On October 31, Professor Michele Mason, Department of East Asian Languages and Cultures at the University of Maryland, brought 13 students from her Readings in Japanese Cultural Studies class (JAPN 402) to the Prange Collection. The objective of the class is to strengthen reading skills while studying crucial Japanese historical events, trends, and figures of the modern period. The class was given a tour, which gave the students a sense of the size and scope of the collection and exposed many of them to an archive for the first time. The students were clearly impressed by the wide range of materials in the collection, including cook books, textbooks, Braille books, posters, magazines, and newspapers. Professor Mason also showed the students materials that she had pre-selected on topics covered in class, such as the role of the Emperor, atomic energy, censorship, and gender norms (as represented in children’s magazines).
The students were asked to reflect on their visit by writing a “kansobun (感想文).” Here are a few excerpts from their essays:
- “One of the most remarkable things I learned at the Prange collection tour was how strict censorship of the Japanese flag was, even in such benign places as pictures in children’s books. Actually, it seems as though anything even possibly relatable to Japanese nationalism was expunged from publications during the occupation period, including a poem titled “Flag”, describing the poet’s feelings about his country. Of course, the flag being used in a nationalist sense should definitely have cause the censors to strike it out, but in such oddly simple places, such as a picture of a classroom, it seems extremely overboard, though such a word could be used to describe much of the censorship during that period.”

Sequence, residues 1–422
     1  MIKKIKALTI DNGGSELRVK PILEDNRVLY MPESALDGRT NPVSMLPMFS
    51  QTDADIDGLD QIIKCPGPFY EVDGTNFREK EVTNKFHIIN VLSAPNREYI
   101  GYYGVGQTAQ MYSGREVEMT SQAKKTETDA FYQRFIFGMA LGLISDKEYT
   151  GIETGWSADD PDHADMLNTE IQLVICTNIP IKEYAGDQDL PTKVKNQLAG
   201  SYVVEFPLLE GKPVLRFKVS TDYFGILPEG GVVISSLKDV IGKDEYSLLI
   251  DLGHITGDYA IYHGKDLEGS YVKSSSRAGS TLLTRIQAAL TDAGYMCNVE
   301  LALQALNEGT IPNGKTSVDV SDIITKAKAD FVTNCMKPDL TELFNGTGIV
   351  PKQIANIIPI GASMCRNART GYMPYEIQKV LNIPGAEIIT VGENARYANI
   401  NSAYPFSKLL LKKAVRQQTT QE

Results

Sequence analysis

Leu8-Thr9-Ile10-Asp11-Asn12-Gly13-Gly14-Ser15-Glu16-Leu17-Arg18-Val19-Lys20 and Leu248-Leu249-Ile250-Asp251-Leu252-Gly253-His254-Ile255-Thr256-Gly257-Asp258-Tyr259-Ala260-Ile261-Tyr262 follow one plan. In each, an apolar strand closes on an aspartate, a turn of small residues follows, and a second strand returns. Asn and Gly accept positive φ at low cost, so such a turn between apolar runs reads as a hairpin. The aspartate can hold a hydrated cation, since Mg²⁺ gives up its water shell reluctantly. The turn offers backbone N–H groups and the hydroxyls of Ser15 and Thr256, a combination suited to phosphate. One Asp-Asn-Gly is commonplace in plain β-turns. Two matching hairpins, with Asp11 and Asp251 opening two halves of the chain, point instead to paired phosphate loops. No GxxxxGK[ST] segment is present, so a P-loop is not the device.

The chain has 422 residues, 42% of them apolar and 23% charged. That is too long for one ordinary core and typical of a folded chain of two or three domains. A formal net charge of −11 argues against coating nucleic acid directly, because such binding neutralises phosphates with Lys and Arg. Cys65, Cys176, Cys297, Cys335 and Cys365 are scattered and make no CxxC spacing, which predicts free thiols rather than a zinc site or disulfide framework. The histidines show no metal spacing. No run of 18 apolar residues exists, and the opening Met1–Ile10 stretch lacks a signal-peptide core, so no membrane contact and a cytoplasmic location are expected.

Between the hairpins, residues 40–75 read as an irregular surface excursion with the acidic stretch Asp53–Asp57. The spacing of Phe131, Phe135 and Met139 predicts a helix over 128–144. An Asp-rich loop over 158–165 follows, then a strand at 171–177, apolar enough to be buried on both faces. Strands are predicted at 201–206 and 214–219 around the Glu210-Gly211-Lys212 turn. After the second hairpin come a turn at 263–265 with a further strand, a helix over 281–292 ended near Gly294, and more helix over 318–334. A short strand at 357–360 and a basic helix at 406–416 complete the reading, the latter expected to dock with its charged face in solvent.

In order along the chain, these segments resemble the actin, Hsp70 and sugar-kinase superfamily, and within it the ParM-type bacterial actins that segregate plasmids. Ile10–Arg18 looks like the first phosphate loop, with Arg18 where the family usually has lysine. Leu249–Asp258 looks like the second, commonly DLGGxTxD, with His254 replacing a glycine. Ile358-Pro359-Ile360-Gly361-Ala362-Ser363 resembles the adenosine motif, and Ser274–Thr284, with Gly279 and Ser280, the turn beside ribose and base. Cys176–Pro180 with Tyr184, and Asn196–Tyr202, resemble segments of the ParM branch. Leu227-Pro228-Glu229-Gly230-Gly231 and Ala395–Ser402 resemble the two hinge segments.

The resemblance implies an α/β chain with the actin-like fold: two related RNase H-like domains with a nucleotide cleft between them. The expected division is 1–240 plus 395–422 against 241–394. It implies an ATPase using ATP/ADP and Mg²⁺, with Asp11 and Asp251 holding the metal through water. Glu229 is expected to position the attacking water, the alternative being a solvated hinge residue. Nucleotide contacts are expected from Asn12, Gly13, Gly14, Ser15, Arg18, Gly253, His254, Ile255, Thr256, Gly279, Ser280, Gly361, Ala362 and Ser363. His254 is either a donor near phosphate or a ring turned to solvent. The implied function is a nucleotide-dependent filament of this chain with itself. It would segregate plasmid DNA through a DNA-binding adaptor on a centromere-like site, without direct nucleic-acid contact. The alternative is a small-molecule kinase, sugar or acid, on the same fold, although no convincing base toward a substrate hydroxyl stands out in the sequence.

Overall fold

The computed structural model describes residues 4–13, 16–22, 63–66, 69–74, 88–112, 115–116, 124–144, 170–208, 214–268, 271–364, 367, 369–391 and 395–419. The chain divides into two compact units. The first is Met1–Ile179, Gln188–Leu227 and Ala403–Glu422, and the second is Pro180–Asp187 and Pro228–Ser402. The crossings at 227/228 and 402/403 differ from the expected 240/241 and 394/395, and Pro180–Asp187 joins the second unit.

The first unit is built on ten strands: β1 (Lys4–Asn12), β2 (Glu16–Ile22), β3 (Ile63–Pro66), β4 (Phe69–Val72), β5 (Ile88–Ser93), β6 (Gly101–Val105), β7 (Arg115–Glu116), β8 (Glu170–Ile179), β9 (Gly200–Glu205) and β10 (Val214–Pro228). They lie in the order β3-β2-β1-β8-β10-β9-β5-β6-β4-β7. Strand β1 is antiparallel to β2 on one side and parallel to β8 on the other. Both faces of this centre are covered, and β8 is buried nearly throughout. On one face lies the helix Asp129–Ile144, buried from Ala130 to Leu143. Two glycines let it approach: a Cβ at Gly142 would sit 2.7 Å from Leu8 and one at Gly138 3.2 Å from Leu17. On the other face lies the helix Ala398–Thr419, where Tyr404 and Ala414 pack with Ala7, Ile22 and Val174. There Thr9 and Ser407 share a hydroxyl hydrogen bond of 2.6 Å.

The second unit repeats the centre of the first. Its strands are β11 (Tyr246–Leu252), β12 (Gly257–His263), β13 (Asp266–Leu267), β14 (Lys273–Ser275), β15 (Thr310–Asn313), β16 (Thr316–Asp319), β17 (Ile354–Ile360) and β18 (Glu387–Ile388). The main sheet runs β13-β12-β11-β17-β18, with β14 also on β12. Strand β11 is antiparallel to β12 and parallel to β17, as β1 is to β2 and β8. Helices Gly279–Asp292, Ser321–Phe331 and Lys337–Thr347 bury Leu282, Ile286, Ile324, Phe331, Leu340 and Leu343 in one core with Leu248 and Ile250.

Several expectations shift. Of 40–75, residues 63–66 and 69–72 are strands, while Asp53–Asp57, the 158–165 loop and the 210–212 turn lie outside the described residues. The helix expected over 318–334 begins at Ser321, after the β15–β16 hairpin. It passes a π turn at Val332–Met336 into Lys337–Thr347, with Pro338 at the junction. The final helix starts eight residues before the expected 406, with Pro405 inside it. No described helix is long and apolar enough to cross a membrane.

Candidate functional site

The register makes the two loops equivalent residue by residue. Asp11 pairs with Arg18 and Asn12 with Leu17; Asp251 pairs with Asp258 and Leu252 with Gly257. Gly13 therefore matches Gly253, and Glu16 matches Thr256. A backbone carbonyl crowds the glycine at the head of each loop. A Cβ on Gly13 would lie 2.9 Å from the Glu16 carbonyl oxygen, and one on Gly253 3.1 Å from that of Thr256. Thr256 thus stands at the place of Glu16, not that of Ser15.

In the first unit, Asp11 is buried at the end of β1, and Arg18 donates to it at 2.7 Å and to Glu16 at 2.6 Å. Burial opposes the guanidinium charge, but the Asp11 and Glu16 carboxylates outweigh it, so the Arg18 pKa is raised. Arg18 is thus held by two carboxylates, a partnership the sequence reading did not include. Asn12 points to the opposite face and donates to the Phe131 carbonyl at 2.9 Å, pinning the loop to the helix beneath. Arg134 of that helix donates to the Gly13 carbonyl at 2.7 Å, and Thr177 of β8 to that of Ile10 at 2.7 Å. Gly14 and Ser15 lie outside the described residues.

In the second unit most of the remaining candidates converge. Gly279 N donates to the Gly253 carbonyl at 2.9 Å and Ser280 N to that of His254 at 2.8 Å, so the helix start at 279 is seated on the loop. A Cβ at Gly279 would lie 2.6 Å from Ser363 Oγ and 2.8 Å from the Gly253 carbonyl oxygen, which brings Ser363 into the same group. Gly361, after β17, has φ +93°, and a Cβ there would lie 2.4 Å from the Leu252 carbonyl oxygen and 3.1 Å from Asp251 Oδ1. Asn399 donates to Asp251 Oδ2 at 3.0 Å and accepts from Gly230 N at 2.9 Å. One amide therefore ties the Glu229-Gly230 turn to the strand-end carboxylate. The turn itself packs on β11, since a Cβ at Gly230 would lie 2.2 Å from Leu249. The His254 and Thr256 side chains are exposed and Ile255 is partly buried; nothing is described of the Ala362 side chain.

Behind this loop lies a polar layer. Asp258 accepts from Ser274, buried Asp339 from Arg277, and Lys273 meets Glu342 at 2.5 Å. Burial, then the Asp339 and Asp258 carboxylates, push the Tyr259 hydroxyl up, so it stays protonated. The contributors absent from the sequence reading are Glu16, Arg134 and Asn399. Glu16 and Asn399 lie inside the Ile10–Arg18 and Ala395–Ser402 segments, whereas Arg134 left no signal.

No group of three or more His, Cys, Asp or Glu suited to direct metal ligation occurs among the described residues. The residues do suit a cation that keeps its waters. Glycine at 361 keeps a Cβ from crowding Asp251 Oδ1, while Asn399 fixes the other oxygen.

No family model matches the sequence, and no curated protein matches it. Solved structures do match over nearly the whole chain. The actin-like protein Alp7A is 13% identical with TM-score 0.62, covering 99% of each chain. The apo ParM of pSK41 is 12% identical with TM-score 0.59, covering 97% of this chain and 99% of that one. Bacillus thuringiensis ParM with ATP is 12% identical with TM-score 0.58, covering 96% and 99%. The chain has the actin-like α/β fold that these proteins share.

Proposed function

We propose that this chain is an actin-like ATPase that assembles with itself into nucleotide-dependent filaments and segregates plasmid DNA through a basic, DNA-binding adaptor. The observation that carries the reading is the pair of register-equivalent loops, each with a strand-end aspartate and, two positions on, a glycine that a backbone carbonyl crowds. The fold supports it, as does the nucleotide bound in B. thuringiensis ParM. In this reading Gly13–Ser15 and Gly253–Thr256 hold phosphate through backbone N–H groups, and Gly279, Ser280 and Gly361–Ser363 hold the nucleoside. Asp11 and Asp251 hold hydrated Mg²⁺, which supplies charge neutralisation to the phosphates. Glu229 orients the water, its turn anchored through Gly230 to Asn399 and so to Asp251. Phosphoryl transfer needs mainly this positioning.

- “One thing that I found the most interesting was that the CCD was exceptionally sensitive to anything that was related to General MacArthur, even the newspaper article about the wedding of his cousin was not allowed to be published.”
- “The example text I found most interesting though, was a travel diary we were shown during the tour. The reason I found this travel diary so fascinating was because it was just a blank diary that hadn’t even been written in at all by anyone yet. Although I had known ahead of time that anything and everything anyone wanted to publish during this time had to be submitted for censoring, I hadn’t quite realized that this literally meant everything.”
- “One particularly fascinating example text showcased was a brail (sic) copy of John Hersey’s, Hiroshima, made entirely of recycled paper. I had previously studied that, due to the war effort, Japan’s natural resources were greatly regulated and had been depleting in the last years of the war. This book is a first-hand example of how diminished paper supplies were used in publication. Seeing this tangible example gave new meaning to what had previously only been academic study.”